Parliament Boycott Planned in Tbilisi

ReutersLevan Gachecheladze, center, and other opposition leaders speaking at the parliament building in Tbilisi on Friday.
TBILISI, Georgia -- Georgia's main opposition bloc announced Friday that it will boycott parliament and hold a street demonstration to protest a vote that gave a huge majority of seats to President Mikheil Saakashvili's governing party, election officials said.

The announcement raised the prospect that the persistent confrontation between Saakashvili and his opponents will be played out in the streets instead of in the legislature, denting the president's effort to portray Georgia as a stable democracy in Western eyes.

"We refuse to enter parliament -- to enter that building," Levan Gachecheladze, co-leader of the United Opposition, told a crowd outside the parliament building in Tbilisi.

He called on supporters to gather Monday, Georgia's Independence Day, for a street protest.

A nearly complete vote count indicated that the United Opposition won just 16 of the 150 parliament seats in Wednesday's election, the Central Election Commission said. Commission spokesman Zurab Kachkachishvili said Saakashvili's United National Movement would hold about 120 seats.

That would give the governing party an even stronger grip than it had over the previous 235-seat parliament after it suffered defections as disgruntled Saakashvili allies went into the opposition.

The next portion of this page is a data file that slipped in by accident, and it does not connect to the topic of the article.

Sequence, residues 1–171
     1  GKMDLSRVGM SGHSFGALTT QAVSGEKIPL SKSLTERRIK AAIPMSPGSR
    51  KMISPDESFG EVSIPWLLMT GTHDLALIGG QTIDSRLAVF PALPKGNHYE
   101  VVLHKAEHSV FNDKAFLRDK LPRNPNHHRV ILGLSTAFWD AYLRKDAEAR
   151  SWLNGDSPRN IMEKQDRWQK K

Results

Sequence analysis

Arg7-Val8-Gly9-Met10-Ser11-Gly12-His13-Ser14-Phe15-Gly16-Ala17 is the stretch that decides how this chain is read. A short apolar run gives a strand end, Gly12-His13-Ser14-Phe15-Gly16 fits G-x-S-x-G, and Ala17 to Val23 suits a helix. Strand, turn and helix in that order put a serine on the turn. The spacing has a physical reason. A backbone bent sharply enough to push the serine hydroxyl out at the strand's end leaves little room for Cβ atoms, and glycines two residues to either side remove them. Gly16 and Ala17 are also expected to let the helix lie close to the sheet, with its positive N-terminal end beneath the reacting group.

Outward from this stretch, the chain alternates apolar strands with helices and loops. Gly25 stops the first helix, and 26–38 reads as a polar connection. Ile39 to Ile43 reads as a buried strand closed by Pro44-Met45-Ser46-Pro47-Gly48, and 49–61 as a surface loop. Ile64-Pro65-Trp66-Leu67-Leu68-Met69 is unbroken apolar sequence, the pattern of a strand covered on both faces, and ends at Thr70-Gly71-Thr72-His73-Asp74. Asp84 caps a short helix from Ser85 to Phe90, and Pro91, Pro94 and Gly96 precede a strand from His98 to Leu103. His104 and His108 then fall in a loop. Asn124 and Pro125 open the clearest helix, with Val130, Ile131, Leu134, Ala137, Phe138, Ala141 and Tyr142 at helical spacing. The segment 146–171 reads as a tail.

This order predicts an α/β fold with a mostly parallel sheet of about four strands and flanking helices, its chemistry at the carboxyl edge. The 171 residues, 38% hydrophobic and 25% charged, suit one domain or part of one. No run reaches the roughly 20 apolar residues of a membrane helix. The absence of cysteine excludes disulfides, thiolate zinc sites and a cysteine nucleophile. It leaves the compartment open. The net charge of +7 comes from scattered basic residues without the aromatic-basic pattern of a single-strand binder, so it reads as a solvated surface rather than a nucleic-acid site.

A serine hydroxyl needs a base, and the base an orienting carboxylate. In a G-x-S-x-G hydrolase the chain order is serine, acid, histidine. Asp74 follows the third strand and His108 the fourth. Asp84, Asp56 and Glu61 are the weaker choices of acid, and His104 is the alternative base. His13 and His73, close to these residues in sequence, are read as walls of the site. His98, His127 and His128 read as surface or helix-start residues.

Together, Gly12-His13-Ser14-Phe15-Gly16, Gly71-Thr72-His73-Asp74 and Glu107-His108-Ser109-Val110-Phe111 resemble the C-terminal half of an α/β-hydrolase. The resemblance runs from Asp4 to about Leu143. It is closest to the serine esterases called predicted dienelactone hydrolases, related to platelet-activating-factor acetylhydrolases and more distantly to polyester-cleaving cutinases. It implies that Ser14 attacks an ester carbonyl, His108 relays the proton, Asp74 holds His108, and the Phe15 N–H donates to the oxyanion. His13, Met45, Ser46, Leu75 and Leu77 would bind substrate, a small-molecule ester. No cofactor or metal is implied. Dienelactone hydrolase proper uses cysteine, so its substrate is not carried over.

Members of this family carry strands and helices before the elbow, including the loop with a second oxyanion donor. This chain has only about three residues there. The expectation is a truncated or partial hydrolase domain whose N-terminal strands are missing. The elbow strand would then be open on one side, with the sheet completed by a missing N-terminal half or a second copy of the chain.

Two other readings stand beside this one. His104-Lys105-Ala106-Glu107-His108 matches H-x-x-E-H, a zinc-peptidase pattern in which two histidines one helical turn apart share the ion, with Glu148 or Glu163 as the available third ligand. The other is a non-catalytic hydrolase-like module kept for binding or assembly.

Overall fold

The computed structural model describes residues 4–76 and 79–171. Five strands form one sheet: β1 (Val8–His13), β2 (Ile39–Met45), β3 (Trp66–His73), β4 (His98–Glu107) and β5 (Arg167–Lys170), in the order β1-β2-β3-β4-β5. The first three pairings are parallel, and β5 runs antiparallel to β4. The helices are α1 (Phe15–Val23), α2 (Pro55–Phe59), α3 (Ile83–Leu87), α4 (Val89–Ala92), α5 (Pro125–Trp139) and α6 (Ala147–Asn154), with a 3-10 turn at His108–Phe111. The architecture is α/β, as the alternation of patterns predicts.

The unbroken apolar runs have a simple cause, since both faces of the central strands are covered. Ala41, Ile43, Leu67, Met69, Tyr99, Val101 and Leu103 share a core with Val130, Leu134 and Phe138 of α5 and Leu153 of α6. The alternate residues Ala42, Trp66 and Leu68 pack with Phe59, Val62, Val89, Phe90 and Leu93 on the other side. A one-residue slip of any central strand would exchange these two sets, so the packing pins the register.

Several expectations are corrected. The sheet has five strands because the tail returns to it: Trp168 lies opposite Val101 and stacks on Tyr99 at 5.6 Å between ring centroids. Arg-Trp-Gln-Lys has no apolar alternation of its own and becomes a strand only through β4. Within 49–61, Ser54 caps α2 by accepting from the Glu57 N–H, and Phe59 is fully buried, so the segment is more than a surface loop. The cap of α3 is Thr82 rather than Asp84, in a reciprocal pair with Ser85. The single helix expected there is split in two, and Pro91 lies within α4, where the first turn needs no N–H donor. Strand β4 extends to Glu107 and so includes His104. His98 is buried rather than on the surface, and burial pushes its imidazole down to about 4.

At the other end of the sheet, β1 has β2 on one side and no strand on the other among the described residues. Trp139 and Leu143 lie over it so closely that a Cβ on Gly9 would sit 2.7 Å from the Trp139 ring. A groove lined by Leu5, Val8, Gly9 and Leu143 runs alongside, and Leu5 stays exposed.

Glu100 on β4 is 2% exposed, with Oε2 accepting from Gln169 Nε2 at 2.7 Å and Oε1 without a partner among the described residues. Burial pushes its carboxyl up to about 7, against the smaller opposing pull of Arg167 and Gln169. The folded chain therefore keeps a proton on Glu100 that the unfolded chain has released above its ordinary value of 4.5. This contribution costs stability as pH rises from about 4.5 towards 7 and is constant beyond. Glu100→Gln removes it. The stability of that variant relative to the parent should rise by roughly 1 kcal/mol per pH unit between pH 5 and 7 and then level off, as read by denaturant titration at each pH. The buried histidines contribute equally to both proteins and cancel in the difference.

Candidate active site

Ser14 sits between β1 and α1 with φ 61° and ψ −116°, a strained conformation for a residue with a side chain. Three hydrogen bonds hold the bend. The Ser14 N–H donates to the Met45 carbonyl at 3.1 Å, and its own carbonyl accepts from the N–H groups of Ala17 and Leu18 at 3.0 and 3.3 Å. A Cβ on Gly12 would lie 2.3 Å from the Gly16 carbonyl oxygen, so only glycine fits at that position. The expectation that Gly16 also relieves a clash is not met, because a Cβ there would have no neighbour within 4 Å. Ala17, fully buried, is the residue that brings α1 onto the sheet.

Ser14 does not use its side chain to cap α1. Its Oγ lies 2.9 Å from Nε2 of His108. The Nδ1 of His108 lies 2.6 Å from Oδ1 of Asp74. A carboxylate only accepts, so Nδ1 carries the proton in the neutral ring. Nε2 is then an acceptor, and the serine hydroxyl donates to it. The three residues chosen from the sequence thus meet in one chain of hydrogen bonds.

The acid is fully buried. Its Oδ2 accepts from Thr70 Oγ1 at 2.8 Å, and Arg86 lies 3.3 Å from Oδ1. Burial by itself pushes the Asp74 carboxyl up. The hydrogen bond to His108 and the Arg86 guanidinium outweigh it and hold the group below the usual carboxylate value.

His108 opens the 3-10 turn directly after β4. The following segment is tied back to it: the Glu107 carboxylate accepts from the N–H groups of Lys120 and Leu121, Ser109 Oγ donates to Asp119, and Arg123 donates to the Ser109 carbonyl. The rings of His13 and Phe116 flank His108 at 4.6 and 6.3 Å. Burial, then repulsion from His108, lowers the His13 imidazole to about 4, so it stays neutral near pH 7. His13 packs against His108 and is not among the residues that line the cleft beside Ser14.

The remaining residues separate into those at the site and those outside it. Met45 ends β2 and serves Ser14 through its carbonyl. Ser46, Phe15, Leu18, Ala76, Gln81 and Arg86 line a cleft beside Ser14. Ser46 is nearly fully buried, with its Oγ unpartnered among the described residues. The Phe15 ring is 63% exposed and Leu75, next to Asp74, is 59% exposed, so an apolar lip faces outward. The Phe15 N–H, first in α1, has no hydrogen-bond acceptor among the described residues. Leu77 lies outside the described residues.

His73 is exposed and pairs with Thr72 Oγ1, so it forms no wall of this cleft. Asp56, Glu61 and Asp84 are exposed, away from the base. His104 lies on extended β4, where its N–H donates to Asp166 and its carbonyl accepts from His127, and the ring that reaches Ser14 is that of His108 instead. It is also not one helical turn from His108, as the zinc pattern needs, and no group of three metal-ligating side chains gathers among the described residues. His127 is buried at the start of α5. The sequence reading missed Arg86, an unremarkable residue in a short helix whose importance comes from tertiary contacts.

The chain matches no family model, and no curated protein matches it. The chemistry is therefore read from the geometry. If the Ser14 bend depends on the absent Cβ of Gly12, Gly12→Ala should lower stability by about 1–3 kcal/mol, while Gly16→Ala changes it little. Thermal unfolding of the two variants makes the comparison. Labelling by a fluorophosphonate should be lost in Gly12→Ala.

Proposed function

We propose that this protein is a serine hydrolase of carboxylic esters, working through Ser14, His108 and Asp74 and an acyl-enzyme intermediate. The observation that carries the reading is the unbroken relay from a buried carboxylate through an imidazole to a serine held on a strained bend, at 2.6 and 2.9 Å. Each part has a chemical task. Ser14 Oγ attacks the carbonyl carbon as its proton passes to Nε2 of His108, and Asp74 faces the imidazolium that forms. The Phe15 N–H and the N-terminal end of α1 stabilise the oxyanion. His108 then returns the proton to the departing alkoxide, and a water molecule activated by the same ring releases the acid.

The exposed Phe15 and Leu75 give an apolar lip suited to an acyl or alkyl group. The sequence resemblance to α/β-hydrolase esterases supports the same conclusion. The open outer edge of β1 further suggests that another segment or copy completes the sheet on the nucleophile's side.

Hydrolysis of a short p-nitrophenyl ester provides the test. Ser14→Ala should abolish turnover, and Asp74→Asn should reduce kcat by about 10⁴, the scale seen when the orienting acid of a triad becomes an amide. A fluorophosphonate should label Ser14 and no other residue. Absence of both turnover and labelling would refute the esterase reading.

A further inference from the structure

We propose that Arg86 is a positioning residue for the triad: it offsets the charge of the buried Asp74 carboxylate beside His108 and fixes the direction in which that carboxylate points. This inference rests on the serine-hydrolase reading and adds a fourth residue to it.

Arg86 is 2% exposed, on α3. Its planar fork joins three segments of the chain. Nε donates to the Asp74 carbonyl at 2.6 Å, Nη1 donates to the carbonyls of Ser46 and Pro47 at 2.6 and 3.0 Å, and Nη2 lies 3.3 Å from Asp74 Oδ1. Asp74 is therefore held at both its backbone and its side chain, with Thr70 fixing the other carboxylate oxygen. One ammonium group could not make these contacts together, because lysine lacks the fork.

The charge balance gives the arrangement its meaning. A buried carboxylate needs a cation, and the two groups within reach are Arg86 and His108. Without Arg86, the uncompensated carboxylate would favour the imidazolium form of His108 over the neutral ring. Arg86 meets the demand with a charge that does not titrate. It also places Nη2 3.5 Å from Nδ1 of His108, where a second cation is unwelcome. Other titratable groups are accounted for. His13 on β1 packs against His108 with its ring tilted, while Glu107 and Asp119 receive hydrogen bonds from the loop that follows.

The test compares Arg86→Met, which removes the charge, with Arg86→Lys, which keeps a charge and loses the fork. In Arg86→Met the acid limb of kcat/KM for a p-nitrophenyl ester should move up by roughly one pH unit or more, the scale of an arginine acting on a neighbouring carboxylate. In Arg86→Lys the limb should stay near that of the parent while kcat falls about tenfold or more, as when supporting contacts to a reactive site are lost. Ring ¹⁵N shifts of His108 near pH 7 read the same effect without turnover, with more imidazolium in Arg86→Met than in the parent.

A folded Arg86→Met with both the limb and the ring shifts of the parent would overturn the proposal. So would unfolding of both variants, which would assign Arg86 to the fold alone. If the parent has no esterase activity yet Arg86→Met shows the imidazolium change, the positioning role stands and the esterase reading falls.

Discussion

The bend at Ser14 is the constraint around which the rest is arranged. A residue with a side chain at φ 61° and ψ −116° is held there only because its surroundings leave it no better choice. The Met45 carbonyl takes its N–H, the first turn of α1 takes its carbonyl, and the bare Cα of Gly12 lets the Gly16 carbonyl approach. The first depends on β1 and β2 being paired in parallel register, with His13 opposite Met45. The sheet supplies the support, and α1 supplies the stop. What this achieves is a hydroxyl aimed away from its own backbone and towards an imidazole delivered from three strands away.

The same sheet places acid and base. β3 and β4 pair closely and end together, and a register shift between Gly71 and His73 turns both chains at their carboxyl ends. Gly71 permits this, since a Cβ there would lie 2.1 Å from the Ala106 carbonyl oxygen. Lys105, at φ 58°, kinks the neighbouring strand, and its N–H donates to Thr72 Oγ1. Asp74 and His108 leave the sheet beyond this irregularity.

Saakashvili's opponents disputed the results, claiming widespread violations.

"We do not accept the legitimacy of these elections due to total falsification, so it's not ruled out that we will refuse to enter parliament," David Gamkrelidze, the other top United Opposition leader, told reporters.

The growing discord between Saakashvili and his opponents has spilled into the streets repeatedly over the past year, heightening tension in the nation at the center of a struggle for influence between Russia and the West.

An election-night rally drew just a few thousand people, adding to questions about the opposition's ability to hold the kind of large, sustained protests that could force political change.

It was not immediately clear whether the other three opposition parties would follow the United Opposition and refuse to take the 14 seats they were on track to win. The leader of the Labor Party said he would do so only if all opposition forces joined the boycott.

The opposition cannot count on the West for support of an effort to contest the overall vote, despite some criticism from international observers of an election portrayed as a test of Saakashvili's commitment to democracy that could affect his NATO membership drive.

In a statement issued Friday by its presidency, the European Union noted that the main international observer mission said implementation of Georgia's democratic commitments was "uneven and incomplete" and urged authorities to ensure that all complaints are "urgently addressed."

But the EU also urged "all political forces to respect the election results."

Meeting in Brussels with EU foreign policy chief Javier Solana, Georgian Foreign Minister Eka Tkeshelashvili said the government did all it could to ensure a free and fair election and promised to address the problems raised by observers.